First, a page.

All of that said, I'd encourage you to leave the CRT. Even though it's shadow mask, it's still a nice quality tube and looks great at its max resolution(1024x768 off the top of my head). iMac G3s are some of my preferred systems for playing old OS 9 games, and the CRT has a big advantage in this department since you can gracefully run 640x480 full screen games at a reasonable size. LCDs tend to look pretty crummy if you down-res them, especially this much.
     
  6. coquito_x thread starter macrumors newbie

    coquito_x

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    #6


    Hello bunnspecial, thank you for your advise, I appreciate it.

    Yes, you are absolutely right by highlighting the smooth change in the resolution of CRTs compared with LCDs that will only look fine if they display at native resolution. However, I have to confess this machine is not for me but for my daughter. For that reason I don't want her to receive that radiation from old CRTs, not to mention the waste of energy and the heavy weight.

    Do you know where can I find a schematic or something that gives me some light in this personal goal?? The challenge is to keep everything (speakers, main board, DVD/HD and power supplies) inside but the CRT, neck, flyback, etc, etc... and replace them with the LCD. The machine is an Imac G3@600 MHz (I think), slot, and has a VGA port beneath it. Above, happyfrappy wrote that I require a wiring up a dummy monitor dongle inside from the former built-in monitor wiring(aka headless dongle/resistor to fake a working signal so the mirroring VGA port works at boot)... Do you know where to look for it??

    Thank you for your reply.

     
  7. happyfrappy macrumors 6502

    Joined:
    Oct 14, 2007
    Location:
    Location eh?
    #7
    As much as the iMacs keep the CRT safely out of the way, display repair/replacement/LCD conversion opens up the risk of electrical shock.

    I only own a tray-loader, afterwards I was mainly using PowerBook G4s.

    As far as dongle/resistor you'll want to research "headless" PC server/displayless laptop, its simple way to trick the graphics chipset into thinking there is a monitor that isn't there if you unplug the built-in CRT/display connection--slotloaders won't boot via external VGA unless the internal monitor is working.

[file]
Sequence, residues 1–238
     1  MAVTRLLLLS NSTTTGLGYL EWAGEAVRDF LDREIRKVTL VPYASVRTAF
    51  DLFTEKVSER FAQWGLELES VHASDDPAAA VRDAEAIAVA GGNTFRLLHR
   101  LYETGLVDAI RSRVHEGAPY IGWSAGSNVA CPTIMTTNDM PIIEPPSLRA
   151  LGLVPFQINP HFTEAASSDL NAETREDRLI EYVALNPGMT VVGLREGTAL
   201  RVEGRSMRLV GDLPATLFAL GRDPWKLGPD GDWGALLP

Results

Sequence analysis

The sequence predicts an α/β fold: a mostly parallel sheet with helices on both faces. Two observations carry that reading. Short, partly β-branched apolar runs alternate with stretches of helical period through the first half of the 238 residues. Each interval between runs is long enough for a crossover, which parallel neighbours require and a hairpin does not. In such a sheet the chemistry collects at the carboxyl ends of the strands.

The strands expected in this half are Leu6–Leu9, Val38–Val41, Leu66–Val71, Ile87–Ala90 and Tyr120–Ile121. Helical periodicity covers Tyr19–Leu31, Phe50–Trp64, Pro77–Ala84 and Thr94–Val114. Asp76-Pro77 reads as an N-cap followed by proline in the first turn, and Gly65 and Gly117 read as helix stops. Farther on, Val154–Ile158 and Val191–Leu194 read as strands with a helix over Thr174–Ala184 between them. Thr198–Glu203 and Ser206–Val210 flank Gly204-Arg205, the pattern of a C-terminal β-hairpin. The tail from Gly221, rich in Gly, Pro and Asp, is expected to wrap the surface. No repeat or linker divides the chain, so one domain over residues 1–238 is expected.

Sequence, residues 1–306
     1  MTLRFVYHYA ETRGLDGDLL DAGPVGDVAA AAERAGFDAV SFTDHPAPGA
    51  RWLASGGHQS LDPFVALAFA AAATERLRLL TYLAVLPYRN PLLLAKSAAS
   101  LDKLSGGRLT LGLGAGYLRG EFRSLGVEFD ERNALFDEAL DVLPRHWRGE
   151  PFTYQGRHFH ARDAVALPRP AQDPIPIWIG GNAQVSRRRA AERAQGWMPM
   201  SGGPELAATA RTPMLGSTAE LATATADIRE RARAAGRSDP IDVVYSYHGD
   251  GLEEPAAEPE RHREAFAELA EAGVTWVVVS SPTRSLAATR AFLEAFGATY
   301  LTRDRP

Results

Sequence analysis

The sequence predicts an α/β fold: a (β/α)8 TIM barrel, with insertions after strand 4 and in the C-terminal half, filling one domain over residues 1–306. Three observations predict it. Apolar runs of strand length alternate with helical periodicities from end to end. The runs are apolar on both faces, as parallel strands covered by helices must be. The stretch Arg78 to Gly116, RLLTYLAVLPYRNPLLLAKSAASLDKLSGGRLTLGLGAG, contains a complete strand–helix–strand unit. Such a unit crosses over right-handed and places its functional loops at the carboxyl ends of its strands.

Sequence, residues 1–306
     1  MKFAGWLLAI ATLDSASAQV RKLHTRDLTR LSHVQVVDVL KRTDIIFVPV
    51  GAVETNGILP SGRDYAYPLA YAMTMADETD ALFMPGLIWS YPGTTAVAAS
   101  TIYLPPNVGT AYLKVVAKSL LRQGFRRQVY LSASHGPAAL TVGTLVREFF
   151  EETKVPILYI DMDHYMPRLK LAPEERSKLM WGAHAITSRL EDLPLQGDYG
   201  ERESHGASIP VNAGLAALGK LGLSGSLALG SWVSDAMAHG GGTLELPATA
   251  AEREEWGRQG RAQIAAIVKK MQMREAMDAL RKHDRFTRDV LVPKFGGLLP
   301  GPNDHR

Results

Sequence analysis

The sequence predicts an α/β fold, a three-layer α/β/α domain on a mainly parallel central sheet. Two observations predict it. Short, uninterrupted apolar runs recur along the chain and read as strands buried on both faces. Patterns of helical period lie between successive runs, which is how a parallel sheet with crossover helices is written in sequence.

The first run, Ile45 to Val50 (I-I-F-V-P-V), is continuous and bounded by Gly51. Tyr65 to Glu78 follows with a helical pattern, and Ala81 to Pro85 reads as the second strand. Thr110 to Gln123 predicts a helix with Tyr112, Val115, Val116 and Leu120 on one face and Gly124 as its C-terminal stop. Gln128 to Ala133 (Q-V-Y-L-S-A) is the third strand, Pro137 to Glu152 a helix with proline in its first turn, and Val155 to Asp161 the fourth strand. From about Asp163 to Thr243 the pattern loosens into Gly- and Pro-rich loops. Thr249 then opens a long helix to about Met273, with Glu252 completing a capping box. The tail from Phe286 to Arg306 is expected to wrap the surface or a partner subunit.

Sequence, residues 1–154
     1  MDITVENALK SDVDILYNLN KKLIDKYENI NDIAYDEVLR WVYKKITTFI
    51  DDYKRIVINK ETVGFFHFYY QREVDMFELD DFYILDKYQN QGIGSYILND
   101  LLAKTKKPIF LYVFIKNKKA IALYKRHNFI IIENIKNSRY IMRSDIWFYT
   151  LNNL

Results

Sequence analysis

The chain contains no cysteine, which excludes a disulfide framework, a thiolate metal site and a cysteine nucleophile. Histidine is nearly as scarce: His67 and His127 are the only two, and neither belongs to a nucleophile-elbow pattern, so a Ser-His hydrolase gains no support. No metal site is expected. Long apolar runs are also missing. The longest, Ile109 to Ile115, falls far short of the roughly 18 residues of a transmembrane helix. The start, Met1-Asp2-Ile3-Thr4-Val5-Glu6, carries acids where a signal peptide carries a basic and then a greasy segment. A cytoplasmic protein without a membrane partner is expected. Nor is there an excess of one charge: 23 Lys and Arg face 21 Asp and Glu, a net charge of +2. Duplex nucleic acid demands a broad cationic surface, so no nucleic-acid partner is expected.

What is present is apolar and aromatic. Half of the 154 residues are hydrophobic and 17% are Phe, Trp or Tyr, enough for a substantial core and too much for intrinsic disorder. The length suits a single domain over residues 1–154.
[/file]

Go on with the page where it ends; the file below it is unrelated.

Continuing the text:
I found this site which explains the internal display pinout of the iMac Slot-Loader, looks like you can make a VGA breakout board/cable patch: http://www.cryogenius.com/hardware/imac/
    Just incase that website ever goes offline, I'll repost the pin out:
    VGA to iMac
    1 red video --- 17
    2 green video --- 15
    3 blue video --- 13
    5 gnd --- 3
    6 red rtn --- 18
    7 green rtn --- 16
    8 blue rtn --- 14
    10 gnd --- 3
    12 S data --- 1
    13 hsync --- 9
    14 vsync --- 11
    15 S clock --- 2

    From http://pascal.monte.free.fr/imac/video.html, pins from little white
    14-pin connector on video board end of salvaged video cable to VGA connector:
    1 black SCL to VGA pin 15
    3 yellow SDA to VGA pin 12
    4 white vsync to VGA pin 14
    6 blk/wt hsync to VGA pin 13
    2 org ground to VGA pins 5 and 10
    11 grn Power On to power board's signal inverter

    This is the only Apple iMac Slot-Loader service PDF I could find online: http://www.scribd.com/doc/103447/iMac-G3-Disassembly-Guide

    This forum may have been the ATX conversion idea, while some links are "dead/broken" the idea of a conversion patch/bridgeboard or iServer conversion discussion: http://www.applefritter.com/node/9274
     
  8. weckart macrumors 68040

    Joined:
    Nov 7, 2004
    #8
    I would have thought the eMac might be a better candidate for a flat screen LCD replacement purely on the basis of fit. The bowed bezel of the iMac G3 to accommodate the very curved CRT is going to make any LCD look a bit odd.
     
  9. coquito_x thread starter macrumors newbie

    coquito_x

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    #9
    I'm sorry I didn't thank you the other day, but thank you, this gives me more light.